FOR IMMEDIATE RELEASE January 15, 1996
ALBUQUERQUE, N.M. -- A battery-powered pneumatic seat cushion designed to prevent pressure ulcers from occurring in persons confined to wheelchairs has been developed as a result of a cooperative program involving Sandia National Laboratories, the University of New Mexico, and two companies.
The cushion, which rests on the regular seat of a wheelchair, features four pairs of air bladders that are cyclically inflated and deflated by battery-powered pistons. This prevents sustained pressure on any one area, which can retard blood flow and oxygen exchange and cause tissue to become weakened. In the right environment of moisture and temperature, bacteria can start to attack vulnerable tissue and cause pressure ulcers.
Pressure sores are commonly treated surgically, costing as much as $200,000. The annual medical cost of treating pressure ulcers is estimated to be between $3 billion to $5 billion.
The "Generic Total Contact Seat" was developed through a joint venture involving the New Mexico Technology Deployment Pilot Project (NMTDPP) and Numotech Inc. of Sun Valley, Calif. The NMTDPP consists of Sandia National Laboratories, the Department of Energy, UNM's Research Institute for Assistive and Training Technologies (RIATT), and Laguna Industries Inc. The seat will be manufactured by Numotech.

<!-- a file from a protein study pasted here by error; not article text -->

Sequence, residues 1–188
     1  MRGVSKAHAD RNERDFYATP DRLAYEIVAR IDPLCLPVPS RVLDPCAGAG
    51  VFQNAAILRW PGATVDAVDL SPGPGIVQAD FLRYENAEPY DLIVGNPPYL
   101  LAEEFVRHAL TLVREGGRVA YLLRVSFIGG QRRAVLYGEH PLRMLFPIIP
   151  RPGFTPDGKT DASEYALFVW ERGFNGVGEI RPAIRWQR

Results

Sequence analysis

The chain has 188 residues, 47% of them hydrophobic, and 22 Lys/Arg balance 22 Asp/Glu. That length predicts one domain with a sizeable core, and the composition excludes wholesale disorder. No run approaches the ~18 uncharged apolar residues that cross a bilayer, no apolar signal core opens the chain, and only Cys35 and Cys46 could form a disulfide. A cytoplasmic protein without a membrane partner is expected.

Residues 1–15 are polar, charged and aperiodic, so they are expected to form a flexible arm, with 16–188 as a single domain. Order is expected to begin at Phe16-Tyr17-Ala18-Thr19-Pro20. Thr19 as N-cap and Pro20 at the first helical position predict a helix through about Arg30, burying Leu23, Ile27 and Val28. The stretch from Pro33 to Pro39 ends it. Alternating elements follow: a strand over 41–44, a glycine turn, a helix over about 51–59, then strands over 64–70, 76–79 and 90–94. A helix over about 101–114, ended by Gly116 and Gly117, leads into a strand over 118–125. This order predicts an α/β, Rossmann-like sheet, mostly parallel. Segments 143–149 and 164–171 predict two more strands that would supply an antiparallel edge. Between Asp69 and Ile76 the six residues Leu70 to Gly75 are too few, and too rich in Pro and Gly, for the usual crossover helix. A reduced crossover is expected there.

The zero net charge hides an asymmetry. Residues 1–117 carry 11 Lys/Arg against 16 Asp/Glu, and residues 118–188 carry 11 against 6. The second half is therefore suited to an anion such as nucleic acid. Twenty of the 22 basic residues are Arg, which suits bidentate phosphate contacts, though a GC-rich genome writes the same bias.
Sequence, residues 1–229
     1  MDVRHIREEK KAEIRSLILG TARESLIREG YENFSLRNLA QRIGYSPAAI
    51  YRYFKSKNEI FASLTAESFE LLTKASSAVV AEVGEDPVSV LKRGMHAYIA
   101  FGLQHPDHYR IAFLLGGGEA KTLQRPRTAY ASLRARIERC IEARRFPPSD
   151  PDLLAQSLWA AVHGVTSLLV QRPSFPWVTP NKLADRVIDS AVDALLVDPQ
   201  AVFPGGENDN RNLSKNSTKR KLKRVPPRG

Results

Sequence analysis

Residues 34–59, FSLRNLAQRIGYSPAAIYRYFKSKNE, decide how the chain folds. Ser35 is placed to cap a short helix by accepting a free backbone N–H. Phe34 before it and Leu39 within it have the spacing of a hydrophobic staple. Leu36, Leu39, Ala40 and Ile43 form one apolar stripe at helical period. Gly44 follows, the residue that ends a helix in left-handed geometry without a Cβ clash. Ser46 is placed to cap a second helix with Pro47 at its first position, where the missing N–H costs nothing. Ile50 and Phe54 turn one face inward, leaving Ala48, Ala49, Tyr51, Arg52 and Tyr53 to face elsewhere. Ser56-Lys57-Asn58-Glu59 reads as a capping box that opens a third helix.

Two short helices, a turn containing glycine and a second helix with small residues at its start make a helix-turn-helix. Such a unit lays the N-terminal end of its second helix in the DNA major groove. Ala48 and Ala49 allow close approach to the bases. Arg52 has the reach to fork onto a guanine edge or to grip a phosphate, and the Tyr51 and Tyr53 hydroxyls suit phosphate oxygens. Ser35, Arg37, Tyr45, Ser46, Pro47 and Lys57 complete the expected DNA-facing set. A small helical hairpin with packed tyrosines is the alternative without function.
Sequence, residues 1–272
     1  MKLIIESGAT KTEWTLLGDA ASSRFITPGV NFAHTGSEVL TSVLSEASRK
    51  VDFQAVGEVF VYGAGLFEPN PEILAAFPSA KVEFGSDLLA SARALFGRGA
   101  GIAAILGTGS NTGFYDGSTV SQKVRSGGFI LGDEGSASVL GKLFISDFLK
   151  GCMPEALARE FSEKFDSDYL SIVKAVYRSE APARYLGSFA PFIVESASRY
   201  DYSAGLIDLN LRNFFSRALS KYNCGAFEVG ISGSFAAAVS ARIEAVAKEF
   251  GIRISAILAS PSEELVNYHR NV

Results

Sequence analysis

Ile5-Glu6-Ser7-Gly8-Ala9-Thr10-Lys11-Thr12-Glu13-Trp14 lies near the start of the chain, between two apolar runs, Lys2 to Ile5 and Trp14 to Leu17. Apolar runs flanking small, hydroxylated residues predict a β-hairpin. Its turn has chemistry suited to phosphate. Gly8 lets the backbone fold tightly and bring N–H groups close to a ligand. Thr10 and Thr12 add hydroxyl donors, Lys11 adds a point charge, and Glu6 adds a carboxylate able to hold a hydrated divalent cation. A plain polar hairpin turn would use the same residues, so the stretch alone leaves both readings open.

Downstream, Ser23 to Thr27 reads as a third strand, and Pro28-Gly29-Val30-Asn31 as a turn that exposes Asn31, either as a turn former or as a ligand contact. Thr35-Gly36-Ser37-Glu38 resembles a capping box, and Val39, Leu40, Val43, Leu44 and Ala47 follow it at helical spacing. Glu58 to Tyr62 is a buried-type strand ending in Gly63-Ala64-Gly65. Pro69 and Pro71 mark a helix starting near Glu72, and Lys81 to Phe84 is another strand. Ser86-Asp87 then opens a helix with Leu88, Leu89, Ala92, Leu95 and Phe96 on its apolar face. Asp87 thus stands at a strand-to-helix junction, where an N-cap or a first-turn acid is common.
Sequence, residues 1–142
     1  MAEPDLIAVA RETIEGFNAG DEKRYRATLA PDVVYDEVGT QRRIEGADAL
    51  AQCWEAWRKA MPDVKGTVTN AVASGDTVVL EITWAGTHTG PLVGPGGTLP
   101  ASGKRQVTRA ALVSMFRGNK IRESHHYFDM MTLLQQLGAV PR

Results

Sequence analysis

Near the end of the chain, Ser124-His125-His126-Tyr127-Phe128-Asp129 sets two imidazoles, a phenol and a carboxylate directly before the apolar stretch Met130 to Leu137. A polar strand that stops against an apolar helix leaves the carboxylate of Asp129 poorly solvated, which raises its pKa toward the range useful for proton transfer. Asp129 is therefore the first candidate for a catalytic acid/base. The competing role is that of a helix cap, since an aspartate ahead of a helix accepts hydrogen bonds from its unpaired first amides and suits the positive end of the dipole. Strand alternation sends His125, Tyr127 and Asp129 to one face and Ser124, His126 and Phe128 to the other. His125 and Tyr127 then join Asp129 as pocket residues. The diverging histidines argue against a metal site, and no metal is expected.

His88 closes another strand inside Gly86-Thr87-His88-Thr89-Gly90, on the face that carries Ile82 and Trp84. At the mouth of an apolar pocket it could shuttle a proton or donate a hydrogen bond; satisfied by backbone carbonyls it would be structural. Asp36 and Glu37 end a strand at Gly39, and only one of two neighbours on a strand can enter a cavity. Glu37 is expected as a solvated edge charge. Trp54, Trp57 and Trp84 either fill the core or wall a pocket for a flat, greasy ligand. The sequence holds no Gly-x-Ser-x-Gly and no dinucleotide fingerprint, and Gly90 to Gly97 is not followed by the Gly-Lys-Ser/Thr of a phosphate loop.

The standard method of preventing pressure sores from occurring has been the use of passive contoured seats, which distribute seating pressure as uniformly as possible. However, even these have only achieved limited success.
Early work on an "active" concept was done by a group of researchers from the University of California at Los Angeles and the Sepulveda Veterans Medical Center in Los Angeles. Together with a small company called Numotech, they had developed an active pneumatic seat to use in a clinical setting to heal pressure ulcers nonsurgically. While effective, the device was too large and clumsy to be used in a home environment. The researchers contacted NMTDPP for help in reducing the size, power, and weight of the unit.
Sandia engineers involved with the NMTDPP incorporated the power unit and pumping system directly into the seat cushion. Weight and power consumption were reduced by half. Their work was coordinated closely with Numotech to ensure that the final design could be manufactured and integrated into their production process.
Part of the funding for the work came from the Department of Energy to the New Mexico Technology Deployment Pilot Project (TDP), which is a partnership between RIATT, Sandia, and Laguna Industries. The goal of the TDP is to apply national laboratory technologies toward products to improve the productivity and quality of life of persons with disabilities.
Sandia National Laboratories is a multiprogram DOE,
operated by a subsidiary of Lockheed Martin Corp. With facilities
in Albuquerque, N.M., and Livermore, Calif., Sandia has major R&D
responsibilities in national defense, energy, environmental
technologies, and economic competitiveness.
SANDIA TECHNICAL CONTACTS: Keith Miller, 505/845-8812; John Bode, 505/844-9440; Mark Vaughn, 505/845-9159Julie Clausen, firstname.lastname@example.org
Last modified: June 12, 2001
Sandia National Laboratories is operated by Lockheed Martin Corp. for the U.S. Department of Energy.